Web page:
NASA selects instrument team to build next-gen planet hunter
March 21, 2016
Planet hunter breaks ground with supernovas
February 18, 2016
Let the great world spin
February 17, 2016
Veteran astronomer joins JPL exoplanet team
January 27, 2016
Combing the galaxy for habitable worlds
January 20, 2016
Far beyond Pluto, a possible Planet Nine awaits discovery
December 31, 2015
Year in Review: Top 5 exoplanet moments of 2015
December 15, 2015
8 alien planets that will make you believe Star Wars is real
November 19, 2015
Baby pictures: The first photos of a planet being born
November 3, 2015
These aren't the planets you're looking for
October 23, 2015
20 Intriguing Exoplanets
October 21, 2015
WFIRST-AFTA: Future planet finder
September 10, 2015
Oxygen on exoplanets isn't proof of life
September 4, 2015
Seeing Earth as an exoplanet: space probe spots nitrogen
August 17, 2015
How to teach 'exoplanets' and the search for habitable worlds
August 14, 2015
Exoplanet snapshot: New imager captures young 'Jupiter'
July 31, 2015
Exoplanets 20/20: Looking back to the future
July 23, 2015
NASA's Kepler mission discovers bigger, older cousin to Earth
July 23, 2015
Finding another Earth
July 8, 2015
Will the real 'first exoplanet' please stand up?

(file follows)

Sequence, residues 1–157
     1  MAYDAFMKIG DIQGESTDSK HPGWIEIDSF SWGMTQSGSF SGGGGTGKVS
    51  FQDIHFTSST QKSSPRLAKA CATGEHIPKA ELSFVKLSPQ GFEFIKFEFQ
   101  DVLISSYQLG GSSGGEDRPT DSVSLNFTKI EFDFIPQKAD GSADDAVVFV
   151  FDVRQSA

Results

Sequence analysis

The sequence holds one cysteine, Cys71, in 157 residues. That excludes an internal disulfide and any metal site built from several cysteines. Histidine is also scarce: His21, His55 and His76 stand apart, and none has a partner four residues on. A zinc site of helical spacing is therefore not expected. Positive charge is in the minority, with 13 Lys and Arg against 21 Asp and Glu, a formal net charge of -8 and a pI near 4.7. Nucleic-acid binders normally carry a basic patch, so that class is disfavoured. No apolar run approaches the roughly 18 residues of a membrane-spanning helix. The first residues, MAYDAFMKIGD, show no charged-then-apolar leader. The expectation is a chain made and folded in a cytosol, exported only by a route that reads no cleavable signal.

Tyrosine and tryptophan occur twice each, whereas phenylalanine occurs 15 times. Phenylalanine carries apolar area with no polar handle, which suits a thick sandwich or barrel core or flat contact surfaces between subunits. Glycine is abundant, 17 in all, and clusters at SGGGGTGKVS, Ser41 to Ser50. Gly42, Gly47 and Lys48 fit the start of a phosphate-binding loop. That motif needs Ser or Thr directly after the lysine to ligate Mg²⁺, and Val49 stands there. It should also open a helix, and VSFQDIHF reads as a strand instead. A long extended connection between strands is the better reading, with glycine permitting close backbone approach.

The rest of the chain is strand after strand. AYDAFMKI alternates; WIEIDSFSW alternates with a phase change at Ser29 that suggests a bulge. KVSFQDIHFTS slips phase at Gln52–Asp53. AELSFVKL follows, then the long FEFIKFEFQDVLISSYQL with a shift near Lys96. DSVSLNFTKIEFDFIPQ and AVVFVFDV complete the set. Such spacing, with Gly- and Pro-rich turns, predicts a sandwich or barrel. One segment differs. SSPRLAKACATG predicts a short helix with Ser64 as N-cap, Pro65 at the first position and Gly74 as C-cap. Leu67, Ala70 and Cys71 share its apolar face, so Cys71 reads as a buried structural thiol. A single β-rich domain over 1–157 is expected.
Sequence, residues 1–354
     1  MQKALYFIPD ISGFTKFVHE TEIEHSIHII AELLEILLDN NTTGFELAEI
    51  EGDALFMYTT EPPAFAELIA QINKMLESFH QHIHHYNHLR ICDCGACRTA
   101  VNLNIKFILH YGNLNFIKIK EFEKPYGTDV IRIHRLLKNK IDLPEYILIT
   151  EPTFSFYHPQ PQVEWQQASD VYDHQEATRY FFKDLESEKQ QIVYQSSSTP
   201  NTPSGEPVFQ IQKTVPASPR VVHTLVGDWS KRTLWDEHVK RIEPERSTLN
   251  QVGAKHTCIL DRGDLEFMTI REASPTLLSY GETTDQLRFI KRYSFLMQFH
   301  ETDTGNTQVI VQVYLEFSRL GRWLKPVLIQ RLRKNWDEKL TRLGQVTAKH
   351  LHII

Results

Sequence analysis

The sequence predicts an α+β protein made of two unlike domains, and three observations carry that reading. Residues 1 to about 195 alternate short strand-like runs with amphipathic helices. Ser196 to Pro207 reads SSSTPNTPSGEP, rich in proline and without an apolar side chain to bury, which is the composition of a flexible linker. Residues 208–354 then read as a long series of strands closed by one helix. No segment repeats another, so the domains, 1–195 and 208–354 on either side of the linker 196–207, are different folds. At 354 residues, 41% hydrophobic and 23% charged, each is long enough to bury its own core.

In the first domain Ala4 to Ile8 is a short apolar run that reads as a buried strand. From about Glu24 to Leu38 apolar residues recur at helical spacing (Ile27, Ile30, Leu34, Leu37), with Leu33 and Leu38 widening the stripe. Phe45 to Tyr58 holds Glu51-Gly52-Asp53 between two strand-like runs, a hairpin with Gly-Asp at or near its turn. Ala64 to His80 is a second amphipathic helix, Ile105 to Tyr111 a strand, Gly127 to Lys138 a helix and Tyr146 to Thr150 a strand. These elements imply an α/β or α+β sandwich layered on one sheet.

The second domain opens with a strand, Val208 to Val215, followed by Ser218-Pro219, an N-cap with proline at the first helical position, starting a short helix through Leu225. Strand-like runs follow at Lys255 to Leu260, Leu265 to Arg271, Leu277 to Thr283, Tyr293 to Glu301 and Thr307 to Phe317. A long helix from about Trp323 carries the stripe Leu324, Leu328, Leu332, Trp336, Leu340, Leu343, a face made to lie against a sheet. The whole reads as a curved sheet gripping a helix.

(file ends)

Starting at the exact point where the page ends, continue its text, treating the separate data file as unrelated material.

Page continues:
June 25, 2015
Can planets be rejuvenated around dead stars?
June 16, 2015
Finding out what makes hot Jupiters tick
May 13, 2015
The weather on alien worlds: astrophysicists prepare forecasts for planets beyond our solar system


32nd Space Symposium
April 11-14

Location: Colorado Springs, Colorado
High Contrast Imaging on Segmented Aperture Workshop
May 5-6

Location: Pasadena, California
Resolving Planet Formation in the Era of ALMA and Extreme AO
May 16-20

Location: Santiago, Chile
ExoPAG 14
June 11-12

Location: San Diego, California
228th American Astronomical Society
June 12-16

Location: San Diego, California
SPIE 2016 Astronomical Telescopes and Instrumentation
June 26-July 1

Location: Edinburgh, Scotland
Exoplanets I
July 3-8

Location: Davos, Switzerland
2016 Sagan Summer Workshop
July 18-22

Location: Pasadena, California
NEXSS Exoplanet Biosignatures Workshop
July 27-29

Location: Seattle, Washington
Approaching the Stellar Astrophysical Limits of Exoplanet Detection: Getting to 10 cm/s
August 28 - September 18

Location: Aspen, Colorado
AIAA Space 2016
September 13-16

Location: Long Beach, California


Exoplanet Exploration Program (ExEP)
PlanetQuest - Public Outreach Website
NASA Exoplanet Science Institute (NExScI)
NASA Science Astrophysics
NASA Cosmic Origins Program (COR)
NASA Physics of the Cosmos Program (PCOS)